Imagine living out of a suitcase (literally) for months on end, photographing bands and amazing sights while being paid to do so? This is the life of music photographer Jarrad Seng.
Currently in Australia, we had a chat to Jarrad about his experience touring with Passenger, his photography bucket list, and; of course, music!
What made you want to become a photographer?
It’s always been about the music. It started with playing in local bands during college, which turned into music journalism and interviewing artists and reviewing shows, and eventually I picked up a camera and started shooting bands on stage.
What do you love most about photographing musicians?
I like the idea of capturing those moments where people are at their peak, at the height of their passion, leaving it all out on the stage. I love shooting those unguarded, candid moments as well – but there’s something special about capturing the energy of someone who is in exactly where they want to be.
What was your favourite artist/music event you’ve photographed?
Passenger, supporting Ed Sheeran at the O2 Arena in Dublin, 2013. I remember that one well. Mike was nervous, it was his biggest show yet and he wasn’t sure how the 12,000 strong crowd would react to his set – after all he was only the support act. Two years earlier I’d been on his Australian regional tour where at one show there wouldn’t have been more than a dozen in attendance. So this was huge. He went out there on stage and smashed it. I remember photographing him from the back of the stage, looking out at the crowd, hands waving in the air. It was a magical moment. And it was my job to capture it. I felt such a rush through his whole set, giddy with the simple joy of my friend achieving his dreams.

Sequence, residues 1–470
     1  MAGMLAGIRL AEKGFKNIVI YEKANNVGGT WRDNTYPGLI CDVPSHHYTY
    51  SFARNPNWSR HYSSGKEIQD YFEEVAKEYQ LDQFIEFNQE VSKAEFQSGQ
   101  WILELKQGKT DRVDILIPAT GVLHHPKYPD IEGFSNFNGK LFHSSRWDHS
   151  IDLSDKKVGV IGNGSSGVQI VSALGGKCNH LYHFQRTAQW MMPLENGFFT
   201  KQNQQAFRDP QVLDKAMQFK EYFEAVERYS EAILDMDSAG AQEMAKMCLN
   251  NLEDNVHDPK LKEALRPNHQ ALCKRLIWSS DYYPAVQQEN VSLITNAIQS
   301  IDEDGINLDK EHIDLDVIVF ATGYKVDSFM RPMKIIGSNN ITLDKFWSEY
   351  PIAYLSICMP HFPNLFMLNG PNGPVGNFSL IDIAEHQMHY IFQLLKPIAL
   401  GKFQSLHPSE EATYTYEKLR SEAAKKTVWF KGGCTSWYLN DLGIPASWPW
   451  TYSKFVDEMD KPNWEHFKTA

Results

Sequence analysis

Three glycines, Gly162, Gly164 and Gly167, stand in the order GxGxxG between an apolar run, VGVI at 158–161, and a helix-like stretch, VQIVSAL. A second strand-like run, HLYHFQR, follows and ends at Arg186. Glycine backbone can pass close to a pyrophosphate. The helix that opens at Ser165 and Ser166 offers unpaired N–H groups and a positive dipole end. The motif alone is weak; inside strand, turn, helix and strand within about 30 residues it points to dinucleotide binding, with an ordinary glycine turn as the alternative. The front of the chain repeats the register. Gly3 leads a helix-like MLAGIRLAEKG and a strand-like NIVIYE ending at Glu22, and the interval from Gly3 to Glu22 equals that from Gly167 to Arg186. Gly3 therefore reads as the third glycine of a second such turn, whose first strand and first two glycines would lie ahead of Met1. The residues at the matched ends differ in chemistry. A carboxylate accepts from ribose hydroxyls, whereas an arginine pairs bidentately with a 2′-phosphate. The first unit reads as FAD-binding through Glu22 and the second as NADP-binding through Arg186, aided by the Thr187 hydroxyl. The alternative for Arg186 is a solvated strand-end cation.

What band/musician would you love to photograph?
It would be pretty fascinating to capture a behind the curtain glimpse into the world of a mega pop star like Beyonce, Miley Cyrus, etc.
Do you have a photography bucket list?
Well, pretty much every second stunning place that pops up on my Instagram feed gets added to the bucket list. But I guess the next obvious one is the Northern Lights. Even just witnessing the phenomenon would be magical, and I plan to make that one happen his year.
How do you find the process of art photography, (your own exhibitions,) compared to live gig work? Are they both reflective of yourself as a photographer?
My own personal work is pretty diverse in genre and style, so it’s always a different process. But yes, it’s very different from shooting live music as there’s an entire process of concept planning, development and execution rather than shooting a show and having no control over anything. There’s not really too much you can do with live music alone, which is why I always like to create a set of images that touches on the moments before and after a show, away from the microphone.
What areas of photography would you like to explore more in 2015?
I’m exploring a few different styles in my personal work, a bit more conceptual as well as a loose, reckless street photography project. And I’m always working on my travel photography and trying to explore more of this wonderful world.
Aside from the gigs you have to shoot, what is your own personal music taste?
Honestly, I don’t get a lot of time to look for new music so most of what I listen to these days are either my friends’ bands or artists that I’m working with. A few current favourites that come to mind are Airling, Japanese Wallpaper, James Vincent McMorrow. Oh, and I love Passenger’s music. I’m actually a huge fan. Even if I didn’t work with him, his records would be on repeat. Don’t tell him that.
Where would you photograph yourself to best sum up your personality?
In a suitcase
What are your plans for photography in 2015?
Well so far in 2015 I’ve toured three countries with Passenger, shot a wedding in Kenya, photographed ancient caves in Tasmania, created a short film for Tourism Queensland and explored the Kimberley region on a cruise ship… 🙂 so I’m taking a little break in Perth for a couple months to work on some personal projects. Things will probably be quiet for a little while, but I’ve got a couple exhibitions and collaborations in store for later on in the year.
To see more of Jarrad’s work, visit his website here.